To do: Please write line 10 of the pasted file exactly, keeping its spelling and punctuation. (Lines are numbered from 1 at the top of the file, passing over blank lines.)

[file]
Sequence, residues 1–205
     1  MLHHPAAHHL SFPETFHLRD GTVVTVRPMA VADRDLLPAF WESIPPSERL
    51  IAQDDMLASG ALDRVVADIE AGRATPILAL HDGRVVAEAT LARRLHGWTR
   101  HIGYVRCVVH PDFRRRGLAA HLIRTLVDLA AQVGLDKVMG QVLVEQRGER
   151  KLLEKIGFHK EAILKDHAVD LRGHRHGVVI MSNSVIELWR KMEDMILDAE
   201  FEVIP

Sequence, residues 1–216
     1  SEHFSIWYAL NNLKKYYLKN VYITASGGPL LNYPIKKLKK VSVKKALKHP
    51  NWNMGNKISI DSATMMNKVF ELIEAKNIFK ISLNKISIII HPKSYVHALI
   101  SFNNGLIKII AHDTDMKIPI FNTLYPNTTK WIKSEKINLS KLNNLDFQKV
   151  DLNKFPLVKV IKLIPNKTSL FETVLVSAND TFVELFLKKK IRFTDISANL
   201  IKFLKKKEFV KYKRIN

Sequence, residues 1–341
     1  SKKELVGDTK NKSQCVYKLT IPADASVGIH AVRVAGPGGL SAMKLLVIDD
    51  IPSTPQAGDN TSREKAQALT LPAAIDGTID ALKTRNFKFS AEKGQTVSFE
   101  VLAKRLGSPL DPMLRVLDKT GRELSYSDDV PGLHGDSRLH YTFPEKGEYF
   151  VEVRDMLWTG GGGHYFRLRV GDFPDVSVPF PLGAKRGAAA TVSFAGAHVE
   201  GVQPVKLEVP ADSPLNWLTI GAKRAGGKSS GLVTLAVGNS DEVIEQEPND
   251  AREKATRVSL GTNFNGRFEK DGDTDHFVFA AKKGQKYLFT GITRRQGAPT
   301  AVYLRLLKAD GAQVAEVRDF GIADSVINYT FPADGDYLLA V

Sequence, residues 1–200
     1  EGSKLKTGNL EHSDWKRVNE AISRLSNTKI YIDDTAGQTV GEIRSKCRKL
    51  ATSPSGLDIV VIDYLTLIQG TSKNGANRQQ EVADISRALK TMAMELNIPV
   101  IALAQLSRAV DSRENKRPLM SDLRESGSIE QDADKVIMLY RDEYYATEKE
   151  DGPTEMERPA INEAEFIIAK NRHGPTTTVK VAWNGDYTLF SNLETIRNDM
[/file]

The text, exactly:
   101  SFNNGLIKII AHDTDMKIPI FNTLYPNTTK WIKSEKINLS KLNNLDFQKV